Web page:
Tito Jackson – Under Your Spell
There are artists whose names immediately define what style of music they bring. A lot in fact, because the signature of an artist is precisely why that artist builds his or her fan base. Success after a change of style is only for a few. Even big names like UB40 completely missed the mark in the past, when they suddenly released a country-like album. Cobbler, stick to your last.
When hearing Tito Jackson’s name, music lovers know to expect a good portion of Motown, soul, pop, and disco. Or not? Tito has been making blues music since 2003. And not even that bad. Fair, his first solo album ‘Tito Time’ was more or less R&B and Jazz, but already featured collaborations with Big Daddy Kane, Jocelyn Brown, Betty Wright and his sons, better known as 3T. Not an earth-shattering album, but fine, as long as the musician has fun; He won’t have any financial problems anymore, so he can release these kinds of outings with ease.
‘Under Your Spell’ is Tito’s first blues album and, as far as we know, also the first blues album in one of the most musical families ever worldwide. And once again, he uses a slew of household names, including George Benson, Joe Bonamassa, Marlon Jackson, Eddie Levert, Kenny Neal, Bobby Rush and even Stevie Wonder. Well, he has his name with it, that makes it all a lot easier.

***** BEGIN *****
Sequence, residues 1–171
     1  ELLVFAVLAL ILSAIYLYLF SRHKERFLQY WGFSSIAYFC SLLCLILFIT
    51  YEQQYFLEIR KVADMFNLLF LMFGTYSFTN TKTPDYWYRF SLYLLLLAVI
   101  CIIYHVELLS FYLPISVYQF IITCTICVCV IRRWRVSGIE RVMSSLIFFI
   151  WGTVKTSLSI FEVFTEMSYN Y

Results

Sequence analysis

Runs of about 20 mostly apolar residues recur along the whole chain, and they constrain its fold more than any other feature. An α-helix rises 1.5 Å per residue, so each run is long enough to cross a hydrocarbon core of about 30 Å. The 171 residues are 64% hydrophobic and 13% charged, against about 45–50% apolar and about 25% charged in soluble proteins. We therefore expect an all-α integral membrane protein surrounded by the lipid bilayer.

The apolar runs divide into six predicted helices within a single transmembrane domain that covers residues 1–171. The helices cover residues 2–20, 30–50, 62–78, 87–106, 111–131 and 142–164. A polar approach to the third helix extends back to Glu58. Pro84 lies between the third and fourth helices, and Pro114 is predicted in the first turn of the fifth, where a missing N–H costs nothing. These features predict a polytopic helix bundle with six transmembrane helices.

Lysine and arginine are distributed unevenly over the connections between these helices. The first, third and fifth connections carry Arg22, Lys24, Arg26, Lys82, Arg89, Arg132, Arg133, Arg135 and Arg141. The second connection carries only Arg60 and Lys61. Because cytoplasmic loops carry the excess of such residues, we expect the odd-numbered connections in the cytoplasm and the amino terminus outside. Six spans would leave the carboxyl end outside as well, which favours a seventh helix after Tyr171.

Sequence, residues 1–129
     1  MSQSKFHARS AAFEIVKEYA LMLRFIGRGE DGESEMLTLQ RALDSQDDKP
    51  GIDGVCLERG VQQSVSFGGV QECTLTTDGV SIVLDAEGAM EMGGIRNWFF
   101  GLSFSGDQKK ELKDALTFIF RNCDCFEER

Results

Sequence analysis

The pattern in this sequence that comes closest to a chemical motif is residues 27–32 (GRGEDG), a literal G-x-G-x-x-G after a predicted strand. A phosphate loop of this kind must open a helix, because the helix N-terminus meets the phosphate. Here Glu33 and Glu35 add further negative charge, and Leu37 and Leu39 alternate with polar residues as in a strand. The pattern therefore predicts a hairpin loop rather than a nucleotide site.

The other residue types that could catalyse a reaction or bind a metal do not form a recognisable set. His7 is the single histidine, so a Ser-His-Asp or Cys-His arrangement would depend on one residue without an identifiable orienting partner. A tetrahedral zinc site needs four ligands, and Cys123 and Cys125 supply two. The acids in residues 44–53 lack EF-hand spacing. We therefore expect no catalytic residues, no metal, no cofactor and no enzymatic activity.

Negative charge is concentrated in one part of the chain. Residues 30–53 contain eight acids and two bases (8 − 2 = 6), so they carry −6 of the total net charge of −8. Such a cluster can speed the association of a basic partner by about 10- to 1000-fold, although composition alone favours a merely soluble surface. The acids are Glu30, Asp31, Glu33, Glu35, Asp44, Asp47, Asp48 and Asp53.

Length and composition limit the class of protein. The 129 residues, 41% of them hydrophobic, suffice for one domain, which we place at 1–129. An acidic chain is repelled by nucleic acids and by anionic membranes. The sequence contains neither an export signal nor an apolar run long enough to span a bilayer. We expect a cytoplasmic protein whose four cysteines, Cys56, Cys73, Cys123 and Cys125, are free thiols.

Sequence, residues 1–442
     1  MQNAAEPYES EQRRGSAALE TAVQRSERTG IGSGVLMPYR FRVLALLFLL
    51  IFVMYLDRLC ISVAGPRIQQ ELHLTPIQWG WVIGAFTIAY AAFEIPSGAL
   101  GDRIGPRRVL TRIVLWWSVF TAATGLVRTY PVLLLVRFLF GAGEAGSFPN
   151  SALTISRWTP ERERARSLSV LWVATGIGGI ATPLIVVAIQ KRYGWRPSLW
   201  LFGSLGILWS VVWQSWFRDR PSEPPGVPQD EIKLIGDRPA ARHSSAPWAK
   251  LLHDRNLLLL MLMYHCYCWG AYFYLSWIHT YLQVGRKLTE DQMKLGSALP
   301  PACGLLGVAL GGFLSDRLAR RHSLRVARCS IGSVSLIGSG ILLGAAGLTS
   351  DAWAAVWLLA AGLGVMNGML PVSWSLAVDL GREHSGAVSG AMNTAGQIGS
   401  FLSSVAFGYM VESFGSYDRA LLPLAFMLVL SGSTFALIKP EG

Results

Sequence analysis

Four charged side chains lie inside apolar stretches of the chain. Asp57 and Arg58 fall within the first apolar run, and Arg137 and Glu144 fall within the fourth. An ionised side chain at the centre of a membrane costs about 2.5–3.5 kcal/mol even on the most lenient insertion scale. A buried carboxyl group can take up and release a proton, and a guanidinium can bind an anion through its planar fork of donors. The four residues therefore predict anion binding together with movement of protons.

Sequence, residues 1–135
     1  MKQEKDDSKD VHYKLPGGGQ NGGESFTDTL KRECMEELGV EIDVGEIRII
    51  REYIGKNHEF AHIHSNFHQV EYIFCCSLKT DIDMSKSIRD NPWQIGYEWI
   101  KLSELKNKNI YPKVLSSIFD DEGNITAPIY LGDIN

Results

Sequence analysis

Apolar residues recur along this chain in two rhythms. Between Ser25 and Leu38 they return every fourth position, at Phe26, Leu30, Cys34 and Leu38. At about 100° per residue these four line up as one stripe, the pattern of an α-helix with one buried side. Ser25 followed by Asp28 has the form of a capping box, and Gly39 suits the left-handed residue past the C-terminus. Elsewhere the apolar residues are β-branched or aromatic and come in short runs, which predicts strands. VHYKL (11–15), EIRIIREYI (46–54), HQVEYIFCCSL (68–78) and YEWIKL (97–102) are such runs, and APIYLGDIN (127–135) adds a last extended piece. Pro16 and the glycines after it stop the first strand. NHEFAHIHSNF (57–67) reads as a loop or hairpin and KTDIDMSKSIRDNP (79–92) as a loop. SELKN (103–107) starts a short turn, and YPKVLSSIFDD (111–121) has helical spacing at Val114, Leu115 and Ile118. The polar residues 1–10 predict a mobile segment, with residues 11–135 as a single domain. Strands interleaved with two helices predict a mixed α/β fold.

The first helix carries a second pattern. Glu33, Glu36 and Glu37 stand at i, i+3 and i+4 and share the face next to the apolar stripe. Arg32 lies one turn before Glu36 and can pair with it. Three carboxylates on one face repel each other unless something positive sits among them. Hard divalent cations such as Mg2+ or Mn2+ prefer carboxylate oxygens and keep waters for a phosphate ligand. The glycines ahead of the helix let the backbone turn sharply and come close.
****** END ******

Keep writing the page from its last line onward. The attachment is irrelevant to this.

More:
It was a mix of covers and own songs, of which ‘All In The Family Blues’, written by regular Jackson writer duo Kenny Gamble and Leon Huff, which he recorded together with Eddie Levert, is perhaps the best result. Okay, here and there Jackson mixes in some Rhythm and Blues, jazz, soul and stuff, but in the end, the 67-year-old makes a strong blues album with ‘Under Your Spell’. An album with a positive attitude, something that is usually impossible for blues.
In addition to a sublime guitar playing, BB King’s classic ‘Rock Me Baby’ is complemented by BB King’s own daughter Claudette King, who takes the song to a new high together with Jackson and a magnificent horn section. However, is it enough to make Tito Jackson a blues giant? The disadvantage of the name Jackson is and remains that a style sticks to it. Musically there is little to nothing to argue with on Jackson’s blues, but will the general public ever think of the name Jackson when it comes to blues or vice versa? No, probably not, but luckily that didn’t stop Tito from recording ‘Under Your Spell’. Evidence of a musical family man’s musicianship (8/10) (Gulf Coast/Hillside Global)